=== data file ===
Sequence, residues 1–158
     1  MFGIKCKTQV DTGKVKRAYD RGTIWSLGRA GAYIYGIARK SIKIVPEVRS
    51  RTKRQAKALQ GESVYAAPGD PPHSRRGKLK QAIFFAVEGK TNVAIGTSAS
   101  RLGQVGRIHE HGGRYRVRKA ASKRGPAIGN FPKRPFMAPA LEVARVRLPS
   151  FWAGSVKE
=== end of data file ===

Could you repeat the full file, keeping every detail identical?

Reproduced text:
Sequence, residues 1–158
     1  MFGIKCKTQV DTGKVKRAYD RGTIWSLGRA GAYIYGIARK SIKIVPEVRS
    51  RTKRQAKALQ GESVYAAPGD PPHSRRGKLK QAIFFAVEGK TNVAIGTSAS
   101  RLGQVGRIHE HGGRYRVRKA ASKRGPAIGN FPKRPFMAPA LEVARVRLPS
   151  FWAGSVKE